Joint and several liability
Under a new proposed Section 154, joint and several liability to pay landholder duty is imposed on a person who makes the relevant acquisition as well as the landholder or if the landholder is a unit trust scheme, the trustee of the landholder. In addition, where the relevant acquisition results from an aggregation of interests of a number of persons, each of those persons will continue to remain liable.
The new provisions also allow a person who pays an amount of duty certain rights of contribution from other parties who are jointly and severally liable.
The new Section 154(3) will create a charge on the landholder's landholdings for any liability for landholder duty. That charge may be protected by a caveat.
Landholder duty - transitional matters
The changes to landholder duty apply from the date of assent. However, acquisitions made under agreements or arrangements made before this date may allow the taxpayer to claim the benefit of the current rules.
Under provisions introduced from 21 June 2016, surcharge duties were imposed on certain foreign persons including relevant foreign trustees acquiring residential land in New South Wales. A new Section 104JA sets out provisions as to when the trustee of a discretionary trust is taken to be a foreign trustee.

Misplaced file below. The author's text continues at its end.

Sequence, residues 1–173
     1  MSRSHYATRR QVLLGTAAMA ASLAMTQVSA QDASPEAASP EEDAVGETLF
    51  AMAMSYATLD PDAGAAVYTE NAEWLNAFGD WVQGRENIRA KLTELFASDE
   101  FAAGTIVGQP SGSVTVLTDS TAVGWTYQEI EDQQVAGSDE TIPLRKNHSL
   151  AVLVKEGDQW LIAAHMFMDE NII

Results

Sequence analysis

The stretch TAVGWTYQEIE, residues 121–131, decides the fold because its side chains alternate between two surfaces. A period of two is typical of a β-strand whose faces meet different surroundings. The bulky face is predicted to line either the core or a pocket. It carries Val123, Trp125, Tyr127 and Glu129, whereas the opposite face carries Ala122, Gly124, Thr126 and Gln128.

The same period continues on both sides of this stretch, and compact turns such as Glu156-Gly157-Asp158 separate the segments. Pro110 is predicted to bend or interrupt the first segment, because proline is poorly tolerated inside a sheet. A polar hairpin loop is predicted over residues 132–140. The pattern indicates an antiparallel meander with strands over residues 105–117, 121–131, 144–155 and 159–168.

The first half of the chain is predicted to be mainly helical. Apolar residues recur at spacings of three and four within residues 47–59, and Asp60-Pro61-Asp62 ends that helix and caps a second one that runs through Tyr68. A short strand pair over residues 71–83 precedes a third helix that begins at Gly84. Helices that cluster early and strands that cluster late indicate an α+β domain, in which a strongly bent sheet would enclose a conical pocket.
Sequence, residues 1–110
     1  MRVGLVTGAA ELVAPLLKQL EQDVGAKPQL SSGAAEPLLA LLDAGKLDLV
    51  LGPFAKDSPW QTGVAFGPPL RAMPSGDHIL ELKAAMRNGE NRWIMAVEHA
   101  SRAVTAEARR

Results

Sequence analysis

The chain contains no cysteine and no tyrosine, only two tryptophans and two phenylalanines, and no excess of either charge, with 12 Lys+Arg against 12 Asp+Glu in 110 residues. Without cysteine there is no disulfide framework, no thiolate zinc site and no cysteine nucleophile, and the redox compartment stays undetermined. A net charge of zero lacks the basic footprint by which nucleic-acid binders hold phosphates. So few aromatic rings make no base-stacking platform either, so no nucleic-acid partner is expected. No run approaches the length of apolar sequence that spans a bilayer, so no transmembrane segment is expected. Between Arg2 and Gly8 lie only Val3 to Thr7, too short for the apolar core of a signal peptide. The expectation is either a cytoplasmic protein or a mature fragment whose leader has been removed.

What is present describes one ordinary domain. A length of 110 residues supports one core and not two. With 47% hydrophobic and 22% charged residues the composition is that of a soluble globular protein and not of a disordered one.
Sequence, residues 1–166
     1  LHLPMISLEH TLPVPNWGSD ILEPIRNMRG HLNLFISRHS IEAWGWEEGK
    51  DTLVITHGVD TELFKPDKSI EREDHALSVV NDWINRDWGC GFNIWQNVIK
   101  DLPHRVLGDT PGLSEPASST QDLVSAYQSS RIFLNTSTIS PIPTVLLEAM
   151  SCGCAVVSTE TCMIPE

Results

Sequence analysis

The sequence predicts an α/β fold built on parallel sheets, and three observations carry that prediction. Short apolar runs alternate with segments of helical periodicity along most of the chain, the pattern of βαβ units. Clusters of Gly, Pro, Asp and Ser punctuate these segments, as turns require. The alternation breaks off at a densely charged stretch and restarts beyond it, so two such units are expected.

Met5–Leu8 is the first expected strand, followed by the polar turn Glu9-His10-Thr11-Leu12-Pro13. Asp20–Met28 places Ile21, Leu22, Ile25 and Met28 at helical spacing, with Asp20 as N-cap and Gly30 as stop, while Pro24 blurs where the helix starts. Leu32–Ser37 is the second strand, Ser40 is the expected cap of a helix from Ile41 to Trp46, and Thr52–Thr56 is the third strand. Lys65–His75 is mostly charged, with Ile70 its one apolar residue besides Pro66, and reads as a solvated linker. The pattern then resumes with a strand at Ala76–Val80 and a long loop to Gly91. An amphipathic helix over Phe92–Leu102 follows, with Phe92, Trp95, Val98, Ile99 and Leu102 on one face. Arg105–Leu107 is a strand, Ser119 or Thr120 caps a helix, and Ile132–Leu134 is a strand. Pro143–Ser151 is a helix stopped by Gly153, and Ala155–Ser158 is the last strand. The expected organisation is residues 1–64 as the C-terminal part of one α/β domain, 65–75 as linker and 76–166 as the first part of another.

A trustee will be regarded as a foreign trustee unless the trust prevents a foreign person from being a beneficiary of the trust. This will specifically require that no "potential beneficiary" of the trust is a foreign person. A person is a potential beneficiary of a discretionary trust if the exercise or failure to exercise a discretion can result in any property of the trust being distributed to or applied for the benefit of the person.
A further requirement is that the terms of the trust are not capable of amendment in a manner that would result in there being a potential beneficiary who is a foreign person.
The effect of these changes is that all discretionary family trusts of the usual kind holding residential land in NSW will need to be amended to include provisions covering the matters set out above if the trustee is to stay outside the duties regime applying to foreign persons.
Under transitional rules, trustees of discretionary trusts are generally allowed until 31 December 2019 to amend terms of trusts in order to satisfy the new requirements.
Comparable amendments are made to the Land Tax Act 1956 (NSW) in its application to trustees of a discretionary trust taken to be a foreign person.
The provisions that impose transfer duty on deemed assignments of rights under a call option have been expanded. Under the new provisions, duty will apply to situations where the holder of rights under a call option for valuable consideration relinquishes the right under the call option and the grantor of the option agrees to sell the property to a third person.
These changes will not apply to a relevant agreement or arrangement entered into before commencement of the changes, being the date of assent.
Other changes include:
- provision for approval by the Chief Commissioner of a manner of stamping or endorsement by a single unique transaction identifier or reference number or a single endorsement for both purchaser duty and surcharge purchaser duty;
- changes to community development levies payable by Local Aboriginal Land Councils and the First Homebuyers Assistance scheme.